The ILFI Energy Petal for carbon positive energy was a way to set a benchmark for multifamily projects in Seattle and the country, as we progress towards the 2030 Challenge. In fact, the building’s main feature is its solar energy array which extends over a majority of the roof and becomes an iconic beacon beckoning for others to follow suit. The solar energy system actually produces 105% of the building’s energy and as such, its residents do not have to pay electric bills, which helps residents save money or have more of their budget available to cover rent or other essentials.
When it comes to economics, Inspire also provides inspiration for developers considering the deep green route for their own developments. Its costs were reportedly 10-15% more than conventional construction but the project leased up quickly and has stabilized with a development yield north of 6%. And consider this: Inspire opened its doors in the spring of 2020, right when the world shut down due to the pandemic! That is a testament to the market demand for a well-executed and innovative sustainable building.
One of the biggest lessons the team learned was around water usage. The City of Seattle part of the LBPP required using grey water for toilet flushing and irrigating. But the project team encountered hurdles with King County Public Health officials who were understandably focused on public health issues and who were simultaneously going through a plumbing code change. While the designed grey water treatment system did not get implemented, Inspire was still able to achieve 43% potable water savings beyond code requirements with advanced water reduction design and strategies. At the end of the day, the project presented issues to these regulatory bodies that they had not yet encountered, and it will likely help inform how local governments think about and update codes in the future.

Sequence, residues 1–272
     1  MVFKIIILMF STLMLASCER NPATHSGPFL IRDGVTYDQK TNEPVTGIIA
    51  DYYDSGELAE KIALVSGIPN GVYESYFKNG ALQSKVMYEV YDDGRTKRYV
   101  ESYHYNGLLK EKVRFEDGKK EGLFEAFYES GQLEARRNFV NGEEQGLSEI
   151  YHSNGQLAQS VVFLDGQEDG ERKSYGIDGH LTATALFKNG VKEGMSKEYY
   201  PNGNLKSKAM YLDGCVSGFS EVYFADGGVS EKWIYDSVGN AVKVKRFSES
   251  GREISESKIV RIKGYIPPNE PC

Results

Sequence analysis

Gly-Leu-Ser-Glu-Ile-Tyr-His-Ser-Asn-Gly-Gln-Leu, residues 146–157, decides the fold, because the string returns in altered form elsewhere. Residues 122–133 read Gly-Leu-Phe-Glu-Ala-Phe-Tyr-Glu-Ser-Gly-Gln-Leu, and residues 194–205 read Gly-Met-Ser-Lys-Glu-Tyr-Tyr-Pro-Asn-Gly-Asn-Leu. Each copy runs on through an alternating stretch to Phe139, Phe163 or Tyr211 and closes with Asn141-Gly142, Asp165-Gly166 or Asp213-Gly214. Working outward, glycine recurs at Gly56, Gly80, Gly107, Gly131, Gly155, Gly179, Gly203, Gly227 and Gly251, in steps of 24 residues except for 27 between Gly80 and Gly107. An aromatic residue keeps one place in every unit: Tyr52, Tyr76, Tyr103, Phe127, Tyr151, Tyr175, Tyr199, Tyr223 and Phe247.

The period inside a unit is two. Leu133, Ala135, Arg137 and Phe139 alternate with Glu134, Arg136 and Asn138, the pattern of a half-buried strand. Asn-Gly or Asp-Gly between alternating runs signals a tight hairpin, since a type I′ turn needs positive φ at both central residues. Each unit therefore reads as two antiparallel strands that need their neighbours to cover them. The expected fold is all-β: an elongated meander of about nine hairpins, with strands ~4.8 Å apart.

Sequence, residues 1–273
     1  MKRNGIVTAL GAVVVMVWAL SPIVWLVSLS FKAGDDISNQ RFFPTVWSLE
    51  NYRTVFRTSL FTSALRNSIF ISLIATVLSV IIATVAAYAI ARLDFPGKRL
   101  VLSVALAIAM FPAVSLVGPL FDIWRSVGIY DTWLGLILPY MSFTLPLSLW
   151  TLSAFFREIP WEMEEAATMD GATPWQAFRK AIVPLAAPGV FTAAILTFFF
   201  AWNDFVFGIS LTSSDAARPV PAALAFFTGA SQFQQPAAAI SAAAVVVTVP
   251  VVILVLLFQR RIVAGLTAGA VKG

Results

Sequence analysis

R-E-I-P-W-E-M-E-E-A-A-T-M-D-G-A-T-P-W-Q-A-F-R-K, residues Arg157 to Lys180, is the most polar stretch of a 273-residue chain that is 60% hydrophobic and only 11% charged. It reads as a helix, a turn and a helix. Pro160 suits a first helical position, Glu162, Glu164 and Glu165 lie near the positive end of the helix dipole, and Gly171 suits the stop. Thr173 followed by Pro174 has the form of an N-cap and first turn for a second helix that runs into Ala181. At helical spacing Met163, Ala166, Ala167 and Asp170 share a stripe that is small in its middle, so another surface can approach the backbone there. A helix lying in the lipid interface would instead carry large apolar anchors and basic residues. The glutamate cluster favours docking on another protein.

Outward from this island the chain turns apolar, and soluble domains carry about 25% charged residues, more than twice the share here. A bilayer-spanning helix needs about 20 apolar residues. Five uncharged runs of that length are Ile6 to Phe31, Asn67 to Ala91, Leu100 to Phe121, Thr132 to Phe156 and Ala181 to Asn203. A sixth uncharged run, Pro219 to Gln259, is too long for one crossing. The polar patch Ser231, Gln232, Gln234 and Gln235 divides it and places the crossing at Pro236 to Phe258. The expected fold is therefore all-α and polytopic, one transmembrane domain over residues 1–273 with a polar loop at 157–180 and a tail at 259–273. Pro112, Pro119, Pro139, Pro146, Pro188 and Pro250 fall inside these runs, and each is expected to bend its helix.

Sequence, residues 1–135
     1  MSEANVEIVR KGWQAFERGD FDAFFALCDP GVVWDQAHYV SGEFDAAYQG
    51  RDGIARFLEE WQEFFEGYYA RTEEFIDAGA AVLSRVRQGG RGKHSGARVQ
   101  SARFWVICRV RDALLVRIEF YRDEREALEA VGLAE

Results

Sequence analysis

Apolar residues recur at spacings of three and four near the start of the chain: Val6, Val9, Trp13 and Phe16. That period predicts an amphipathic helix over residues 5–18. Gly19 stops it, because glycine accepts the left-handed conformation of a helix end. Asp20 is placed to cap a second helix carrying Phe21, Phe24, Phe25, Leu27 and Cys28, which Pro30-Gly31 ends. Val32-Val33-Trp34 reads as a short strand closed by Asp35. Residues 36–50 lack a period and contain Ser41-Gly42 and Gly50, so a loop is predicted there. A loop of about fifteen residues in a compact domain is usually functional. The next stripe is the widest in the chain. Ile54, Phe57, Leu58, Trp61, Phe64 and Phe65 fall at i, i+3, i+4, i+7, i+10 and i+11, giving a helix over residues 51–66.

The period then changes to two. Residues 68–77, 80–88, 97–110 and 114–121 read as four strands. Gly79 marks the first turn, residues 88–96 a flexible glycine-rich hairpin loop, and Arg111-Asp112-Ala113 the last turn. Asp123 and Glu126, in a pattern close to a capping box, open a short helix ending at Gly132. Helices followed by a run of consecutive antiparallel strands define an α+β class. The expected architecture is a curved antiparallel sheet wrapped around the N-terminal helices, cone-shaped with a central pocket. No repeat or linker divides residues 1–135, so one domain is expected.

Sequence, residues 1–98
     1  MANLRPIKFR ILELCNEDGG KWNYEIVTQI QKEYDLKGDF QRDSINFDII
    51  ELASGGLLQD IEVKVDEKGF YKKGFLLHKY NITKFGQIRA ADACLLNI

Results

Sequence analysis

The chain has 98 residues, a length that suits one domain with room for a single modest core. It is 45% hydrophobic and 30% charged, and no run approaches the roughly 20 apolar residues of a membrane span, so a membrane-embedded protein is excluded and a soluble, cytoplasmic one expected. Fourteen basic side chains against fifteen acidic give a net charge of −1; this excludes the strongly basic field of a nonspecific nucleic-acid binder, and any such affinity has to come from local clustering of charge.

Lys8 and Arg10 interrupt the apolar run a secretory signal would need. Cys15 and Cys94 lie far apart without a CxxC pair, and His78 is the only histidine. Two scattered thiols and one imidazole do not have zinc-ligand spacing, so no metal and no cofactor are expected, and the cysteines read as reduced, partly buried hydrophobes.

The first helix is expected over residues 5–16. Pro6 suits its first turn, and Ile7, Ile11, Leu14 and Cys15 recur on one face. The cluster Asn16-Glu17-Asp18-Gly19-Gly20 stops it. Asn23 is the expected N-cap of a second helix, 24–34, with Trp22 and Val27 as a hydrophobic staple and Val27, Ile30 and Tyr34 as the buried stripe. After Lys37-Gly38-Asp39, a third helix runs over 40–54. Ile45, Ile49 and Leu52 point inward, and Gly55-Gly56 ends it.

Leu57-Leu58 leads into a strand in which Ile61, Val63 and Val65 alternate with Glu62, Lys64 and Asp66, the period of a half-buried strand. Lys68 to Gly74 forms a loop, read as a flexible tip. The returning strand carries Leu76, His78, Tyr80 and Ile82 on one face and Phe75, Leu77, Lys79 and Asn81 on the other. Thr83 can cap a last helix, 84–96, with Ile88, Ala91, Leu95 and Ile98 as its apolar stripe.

WATERSHED: Community Impact at a Grand Scale
In mid-October, members of the NAIOP Washington State Sustainable Development Committee also sat down with Joanna Callahan, Kristen Scott and Myer Harrell to explore the background behind the Living Building Pilot Project (LBPP), Watershed, located in Seattle’s Fremont neighborhood.
Great projects always come with great partnership and Watershed is not an exception. The project is a collaboration among Hess Callahan Partners, Stephen C. Grey & Associates, Spear Street Capital and Weber Thompson. This partnership started a decade ago at the highly sustainable Terry Thomas Building, which was one of the first buildings in Seattle to achieve LEED Gold certification and remained fully occupied through the financial crisis. Since then, this partnership continued for Data One, Cedar Speedster (also a NAIOP Washington State Night of the Stars 2020 finalist) and mostly recently Watershed. Watershed is the only building to pursue the 2014 version of Seattle’s Living Building Pilot Program and is pursuing the Materials, Place and Beauty Petal Recognition from the International Living Future Institute (ILFI).